- Caring at home
- Taking care of yourself
- Postural hygiene for carers
- Dependent person
- Communication with the dependent person
- Mobilising the dependent person
- Nutrition and the elderly
- Personal hygiene
- Urinary incontinence
- Changes in bowel movements
- Pressure sores
- Changes in behaviour
- The comunication
- Home environment and dementia
- Lack of appetite and dementia
- Changes in behaviour and dementia
- INFOSA project
Changes in Behaviour
A situation of dependency can generate discomfort and anger, leading to changes in the person’s behaviour that can be hard for the carer to deal with and manage. Knowing how to identify and anticipate these situations and knowing what to do will help to maintain good relations with the dependent person.
If the person refuses care
- Having empathy in order to understand people’s situation helps show understanding and respect
- Give people as much time as they need to do things. Do not badger them or ask them to hurry up, as this can lead to a sense of frustration
- Encourage collaboration and personal autonomy, and avoid involving yourself in activities that he or she can do without any help. We should never carry out tasks that the person being cared for can do on his or her own. Only help with what he or she cannot do unaided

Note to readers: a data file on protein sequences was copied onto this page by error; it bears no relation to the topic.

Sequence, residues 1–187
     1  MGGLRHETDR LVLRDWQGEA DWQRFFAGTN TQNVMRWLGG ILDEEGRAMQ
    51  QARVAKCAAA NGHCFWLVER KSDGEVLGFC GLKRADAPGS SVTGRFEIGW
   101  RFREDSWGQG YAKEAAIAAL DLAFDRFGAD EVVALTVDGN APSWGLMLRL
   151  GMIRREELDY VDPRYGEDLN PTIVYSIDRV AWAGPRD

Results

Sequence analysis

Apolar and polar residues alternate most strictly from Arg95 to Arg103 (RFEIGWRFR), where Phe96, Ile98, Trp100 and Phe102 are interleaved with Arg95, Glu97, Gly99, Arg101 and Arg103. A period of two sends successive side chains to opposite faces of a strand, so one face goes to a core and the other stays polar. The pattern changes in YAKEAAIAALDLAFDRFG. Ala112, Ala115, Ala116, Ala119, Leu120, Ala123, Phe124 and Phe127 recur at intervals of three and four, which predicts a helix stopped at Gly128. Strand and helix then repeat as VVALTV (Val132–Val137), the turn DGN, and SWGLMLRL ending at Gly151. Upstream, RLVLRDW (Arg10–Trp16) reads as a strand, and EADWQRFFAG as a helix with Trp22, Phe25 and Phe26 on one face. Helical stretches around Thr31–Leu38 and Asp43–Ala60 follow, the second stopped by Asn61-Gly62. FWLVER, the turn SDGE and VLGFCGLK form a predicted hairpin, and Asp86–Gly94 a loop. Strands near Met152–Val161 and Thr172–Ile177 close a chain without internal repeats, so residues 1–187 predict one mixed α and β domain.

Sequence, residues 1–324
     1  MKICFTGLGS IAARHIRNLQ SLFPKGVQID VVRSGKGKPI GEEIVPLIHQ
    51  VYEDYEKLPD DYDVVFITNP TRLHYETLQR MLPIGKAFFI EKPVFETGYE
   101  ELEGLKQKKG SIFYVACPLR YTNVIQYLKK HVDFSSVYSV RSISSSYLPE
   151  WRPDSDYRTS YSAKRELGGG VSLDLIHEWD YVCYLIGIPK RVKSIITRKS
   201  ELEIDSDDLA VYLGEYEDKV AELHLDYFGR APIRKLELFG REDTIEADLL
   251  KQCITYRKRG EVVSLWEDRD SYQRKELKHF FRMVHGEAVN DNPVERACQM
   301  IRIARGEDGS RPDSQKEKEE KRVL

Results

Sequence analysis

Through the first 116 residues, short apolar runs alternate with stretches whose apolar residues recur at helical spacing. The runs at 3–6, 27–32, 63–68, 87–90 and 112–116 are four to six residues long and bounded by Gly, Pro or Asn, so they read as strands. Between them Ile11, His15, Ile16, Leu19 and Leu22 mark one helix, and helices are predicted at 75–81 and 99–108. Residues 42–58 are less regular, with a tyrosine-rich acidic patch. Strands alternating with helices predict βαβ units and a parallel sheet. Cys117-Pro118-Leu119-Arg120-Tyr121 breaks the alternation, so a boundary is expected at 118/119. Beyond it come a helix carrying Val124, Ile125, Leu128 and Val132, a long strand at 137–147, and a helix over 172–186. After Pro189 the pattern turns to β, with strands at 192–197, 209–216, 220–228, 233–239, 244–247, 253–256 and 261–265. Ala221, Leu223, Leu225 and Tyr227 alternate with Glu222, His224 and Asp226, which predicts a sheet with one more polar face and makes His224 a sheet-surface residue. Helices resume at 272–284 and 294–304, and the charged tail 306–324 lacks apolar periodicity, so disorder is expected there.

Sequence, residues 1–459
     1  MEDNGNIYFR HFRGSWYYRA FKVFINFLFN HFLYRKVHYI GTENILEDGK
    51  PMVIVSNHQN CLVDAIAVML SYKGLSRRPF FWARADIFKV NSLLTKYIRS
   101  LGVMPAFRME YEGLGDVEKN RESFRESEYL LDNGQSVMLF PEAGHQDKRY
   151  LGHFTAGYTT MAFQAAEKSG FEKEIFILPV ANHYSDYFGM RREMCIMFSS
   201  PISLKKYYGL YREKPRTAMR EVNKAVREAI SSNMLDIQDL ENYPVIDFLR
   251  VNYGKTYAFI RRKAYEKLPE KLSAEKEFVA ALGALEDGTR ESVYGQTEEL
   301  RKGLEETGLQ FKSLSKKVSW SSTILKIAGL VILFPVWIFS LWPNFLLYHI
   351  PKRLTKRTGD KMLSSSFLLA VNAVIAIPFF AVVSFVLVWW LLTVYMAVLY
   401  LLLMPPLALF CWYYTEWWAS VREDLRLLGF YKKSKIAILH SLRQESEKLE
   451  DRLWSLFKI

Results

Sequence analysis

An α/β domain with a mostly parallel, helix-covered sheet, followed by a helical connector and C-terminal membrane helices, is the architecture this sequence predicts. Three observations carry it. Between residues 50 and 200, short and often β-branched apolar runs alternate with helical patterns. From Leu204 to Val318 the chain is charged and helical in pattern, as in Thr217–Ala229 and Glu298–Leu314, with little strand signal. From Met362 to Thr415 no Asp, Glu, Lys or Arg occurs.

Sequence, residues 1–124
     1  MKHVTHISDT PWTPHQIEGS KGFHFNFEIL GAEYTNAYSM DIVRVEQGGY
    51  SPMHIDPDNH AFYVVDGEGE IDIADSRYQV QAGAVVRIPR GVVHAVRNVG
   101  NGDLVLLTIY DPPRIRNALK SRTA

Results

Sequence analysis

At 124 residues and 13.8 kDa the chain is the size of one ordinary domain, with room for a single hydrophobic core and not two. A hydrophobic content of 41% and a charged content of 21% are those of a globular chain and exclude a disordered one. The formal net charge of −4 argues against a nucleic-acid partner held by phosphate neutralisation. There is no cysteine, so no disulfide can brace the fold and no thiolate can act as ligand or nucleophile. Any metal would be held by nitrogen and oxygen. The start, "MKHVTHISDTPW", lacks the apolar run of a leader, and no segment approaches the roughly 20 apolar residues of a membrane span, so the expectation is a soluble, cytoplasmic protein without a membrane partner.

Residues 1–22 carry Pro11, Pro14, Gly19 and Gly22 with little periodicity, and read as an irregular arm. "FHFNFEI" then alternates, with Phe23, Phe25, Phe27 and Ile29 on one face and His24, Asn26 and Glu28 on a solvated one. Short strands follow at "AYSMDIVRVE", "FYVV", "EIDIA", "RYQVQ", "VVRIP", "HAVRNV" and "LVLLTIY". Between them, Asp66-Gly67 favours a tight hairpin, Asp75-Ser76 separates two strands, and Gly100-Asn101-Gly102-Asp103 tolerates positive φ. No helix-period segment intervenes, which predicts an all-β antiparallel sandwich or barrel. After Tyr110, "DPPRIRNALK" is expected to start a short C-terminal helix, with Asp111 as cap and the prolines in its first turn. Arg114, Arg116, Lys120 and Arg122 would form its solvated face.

- The roaming or wandering with no fixed purpose that can be seen in some elderly people occurs when they are disoriented or have dementia. It is important to remove any obstacles that could lead to a fall or bruising, and to establish rest periods during the day, even if this means being strict about it
If the person is agitated or aggressive
- Avoid arguing, as in these situations it is pointless to try and reason
- Reduce any background noise. Silence is relaxing
- Use a quiet tone of voice, and speak slowly and calmly
- As well as verbal language, non-verbal communication is very important, as it helps maintain a calm atmosphere. Body movements should be smooth and unhurried, showing empathy and a caring attitude
- Remove any objects that could be dangerous
- Try to draw the conversation towards topics that the person will enjoy
- Carry out activities that are familiar and safe. Maintain routines. Changes and new situations can create confusion and disorientation
- Reinforce positive attitudes. Always reinforce what you want the person to repeat, and that he or she is doing well. Negative attitudes should not be accepted, as otherwise they may be used to draw attention
Above all, this requires lots of patience and an unhurried, upbeat and positive attitude.
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